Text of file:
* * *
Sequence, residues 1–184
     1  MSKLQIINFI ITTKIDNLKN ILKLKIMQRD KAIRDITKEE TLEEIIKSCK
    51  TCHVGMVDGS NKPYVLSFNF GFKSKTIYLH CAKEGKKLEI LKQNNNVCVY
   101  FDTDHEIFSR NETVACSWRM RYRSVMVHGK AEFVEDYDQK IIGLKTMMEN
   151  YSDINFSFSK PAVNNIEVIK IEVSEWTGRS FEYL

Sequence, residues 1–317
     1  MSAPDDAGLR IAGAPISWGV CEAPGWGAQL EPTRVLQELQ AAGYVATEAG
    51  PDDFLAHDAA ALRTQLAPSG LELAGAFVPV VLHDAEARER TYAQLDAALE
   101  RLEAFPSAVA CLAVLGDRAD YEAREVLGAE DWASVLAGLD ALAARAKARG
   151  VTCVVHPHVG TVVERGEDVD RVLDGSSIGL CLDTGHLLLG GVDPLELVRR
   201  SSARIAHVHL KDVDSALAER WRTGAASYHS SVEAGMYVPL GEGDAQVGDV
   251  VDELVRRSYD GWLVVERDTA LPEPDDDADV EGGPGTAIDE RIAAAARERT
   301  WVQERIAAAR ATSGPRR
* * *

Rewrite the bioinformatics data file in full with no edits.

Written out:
Sequence, residues 1–184
     1  MSKLQIINFI ITTKIDNLKN ILKLKIMQRD KAIRDITKEE TLEEIIKSCK
    51  TCHVGMVDGS NKPYVLSFNF GFKSKTIYLH CAKEGKKLEI LKQNNNVCVY
   101  FDTDHEIFSR NETVACSWRM RYRSVMVHGK AEFVEDYDQK IIGLKTMMEN
   151  YSDINFSFSK PAVNNIEVIK IEVSEWTGRS FEYL

Sequence, residues 1–317
     1  MSAPDDAGLR IAGAPISWGV CEAPGWGAQL EPTRVLQELQ AAGYVATEAG
    51  PDDFLAHDAA ALRTQLAPSG LELAGAFVPV VLHDAEARER TYAQLDAALE
   101  RLEAFPSAVA CLAVLGDRAD YEAREVLGAE DWASVLAGLD ALAARAKARG
   151  VTCVVHPHVG TVVERGEDVD RVLDGSSIGL CLDTGHLLLG GVDPLELVRR
   201  SSARIAHVHL KDVDSALAER WRTGAASYHS SVEAGMYVPL GEGDAQVGDV
   251  VDELVRRSYD GWLVVERDTA LPEPDDDADV EGGPGTAIDE RIAAAARERT
   301  WVQERIAAAR ATSGPRR